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Authors: Alice Kimberly

The Ghost and the Dead Deb

BOOK: The Ghost and the Dead Deb
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Table of Contents
Praise for Alice Kimberly’s first Haunted Bookshop Mystery
The Ghost and Mrs. McClure
“Part cozy and part hard-boiled detective novel with traces of the supernatural,
The Ghost and Mrs. McClure
is just a lot of fun.”—
The Mystery Reader
 
“[The] enigmatic townspeople come alive in this quirky mystery, and readers will eagerly anticipate future installments—and the continuing easy banter and romantic tension between Jack and Penelope.”—
Romantic Times
 
“A charming, funny and quirky mystery starring a suppressed widow and a stimulating ghost who is attracted to her even though they can only meet in her dreams. He is hard-boiled in the tradition of Phillip Marlowe, and she is a genteel Miss Marple; yet the two opposites make an explosive combination. Alice Kimberly definitely has a hit series if the first book is anything to go by.”

Midwest Book Review
 
“A deliciously charming mystery with a haunting twist!”
—Laura Childs, author of
The English Breakfast Murder
 
“This is such a well-written cozy . . . a fabulous first mystery. I highly recommend this book! You won’t want to put it down.”—
I Love a Mystery
 
“Ms. Kimberly has penned a unique premise and cast of characters to hook us on her first of a series.”

Rendezvous
 
“What a delightful new mystery series! I was hooked from the start. . . . I adored the ghost of Jack. . . . Pairing him with the disbelieving Penelope is a brilliant touch.”

Roundtable Reviews
THE BERKLEY PUBLISHING GROUP
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Penguin Books Ltd., Registered Offices: 80 Strand, London WC2R 0RL, England
 
This is a work of fiction. Names, characters, places, and incidents either are the product of the author’s imagination or are used fictitiously, and any resemblance to actual persons, living or dead, business establishments, events, or locales is entirely coincidental. The publisher does not have any control over and does not assume any responsibility for author or third-party websites or their content.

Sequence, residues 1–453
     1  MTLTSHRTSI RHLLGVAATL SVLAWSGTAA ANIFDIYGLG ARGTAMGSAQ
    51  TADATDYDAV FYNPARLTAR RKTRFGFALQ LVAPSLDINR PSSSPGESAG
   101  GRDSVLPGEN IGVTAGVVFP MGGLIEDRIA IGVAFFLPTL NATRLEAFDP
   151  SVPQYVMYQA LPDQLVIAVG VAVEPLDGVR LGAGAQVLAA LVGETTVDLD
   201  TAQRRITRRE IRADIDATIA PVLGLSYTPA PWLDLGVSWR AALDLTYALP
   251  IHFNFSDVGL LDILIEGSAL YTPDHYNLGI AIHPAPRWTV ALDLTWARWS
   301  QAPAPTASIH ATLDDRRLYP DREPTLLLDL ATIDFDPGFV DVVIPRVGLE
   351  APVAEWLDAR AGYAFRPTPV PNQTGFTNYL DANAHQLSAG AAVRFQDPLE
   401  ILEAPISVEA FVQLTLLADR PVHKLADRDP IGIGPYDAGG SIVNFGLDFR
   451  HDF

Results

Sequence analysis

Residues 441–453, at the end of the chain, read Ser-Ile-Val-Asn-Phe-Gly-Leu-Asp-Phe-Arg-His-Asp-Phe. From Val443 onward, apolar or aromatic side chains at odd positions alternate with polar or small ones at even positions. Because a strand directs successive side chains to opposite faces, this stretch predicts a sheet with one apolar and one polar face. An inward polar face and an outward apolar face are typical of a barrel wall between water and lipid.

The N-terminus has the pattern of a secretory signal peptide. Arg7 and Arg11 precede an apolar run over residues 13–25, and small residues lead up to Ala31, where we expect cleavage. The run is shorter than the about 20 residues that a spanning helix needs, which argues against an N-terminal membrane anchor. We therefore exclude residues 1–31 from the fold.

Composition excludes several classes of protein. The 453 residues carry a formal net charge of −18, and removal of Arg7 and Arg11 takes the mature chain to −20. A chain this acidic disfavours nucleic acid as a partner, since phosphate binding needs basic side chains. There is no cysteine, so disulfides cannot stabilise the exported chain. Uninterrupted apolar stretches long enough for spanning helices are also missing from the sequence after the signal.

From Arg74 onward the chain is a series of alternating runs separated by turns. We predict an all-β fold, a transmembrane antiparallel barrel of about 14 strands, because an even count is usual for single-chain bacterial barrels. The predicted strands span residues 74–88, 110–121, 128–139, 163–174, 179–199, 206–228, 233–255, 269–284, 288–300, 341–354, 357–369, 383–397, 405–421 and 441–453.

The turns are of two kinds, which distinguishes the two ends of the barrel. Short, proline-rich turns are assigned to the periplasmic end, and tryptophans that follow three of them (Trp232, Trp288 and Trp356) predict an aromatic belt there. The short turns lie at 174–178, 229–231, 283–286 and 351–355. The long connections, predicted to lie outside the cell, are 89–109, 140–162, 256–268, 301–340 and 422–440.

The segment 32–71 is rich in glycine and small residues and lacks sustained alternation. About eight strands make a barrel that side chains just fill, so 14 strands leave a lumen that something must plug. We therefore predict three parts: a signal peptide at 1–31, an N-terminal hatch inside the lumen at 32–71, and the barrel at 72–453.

THE GHOST AND THE DEAD DEB
 
A Berkley Prime Crime Book / published by arrangement with the author
 
PRINTING HISTORY
Berkley Prime Crime mass-market edition / September 2005
 
Copyright © 2005 by The Berkley Publishing Group.
 
All rights reserved.
No part of this book may be reproduced, scanned, or distributed in any printed or electronic form without
permission. Please do not participate in or encourage piracy of copyrighted materials in violation of
the author’s rights. Purchase only authorized editions.
For information, address: The Berkley Publishing Group,
a division of Penguin Group (USA) Inc.,
375 Hudson Street, New York, New York 10014.
 
eISBN : 978-1-101-00781-5
 
BERKLEY® PRIME CRIME
Berkley Prime Crime Books are published by The Berkley Publishing Group,
a division of Penguin Group (USA) Inc.,
375 Hudson Street, New York, New York 10014.
The name BERKLEY PRIME CRIME and the BERKLEY PRIME CRIME design are trademarks
belonging to Penguin Group (USA) Inc.
 
 
 

http://us.penguingroup.com

ACKNOWLEDGMENTS
Sincerest thanks to literary agent John Talbot
and Senior Editor Christine Zika for their valued support—
an intangible yet invaluable commodity
in making ghosts come to life . . .
and making this sort of living.
Thanks also to Kimberly Lionetti
for the all-important start.
And very special thanks to
Major John J. Leyden, Jr. (Ret.),
former field operations officer, Rhode Island State Police,
and Corporal Michelle Kershaw,
detective bureau, Rhode Island State Police,
for helpful answers to procedural questions.
 
 
 
 
AUTHOR’S NOTE
 
Although real places and institutions are mentioned
in this book, they are used in the service of fiction.
No character in this book is based on any person, living
or dead, and the world presented is completely
fictitious.
I did not lead a very wise life myself, but it was a full one, and a grown-up one. You come of age very often through shipwreck and disaster, and at the heart of the whirlpool some men find God.
 

The Ghost and Mrs. Muir
by R. A. Dick (a.k.a. Josephine Aimée Campbell Leslie)
PROLOGUE
I’m licensed as a private detective. . . . The police don’t like me. The crooks don’t like me. . . . My ethics are my own . . . and I’ll shoot it out with any gun in the city—any time, any place.
—Race Williams in
The Snarl of the Beast
by Carroll John Daly, 1927 (cited as the first hard-boiled private detective novel)
 
 
 
New York City
July 19, 1946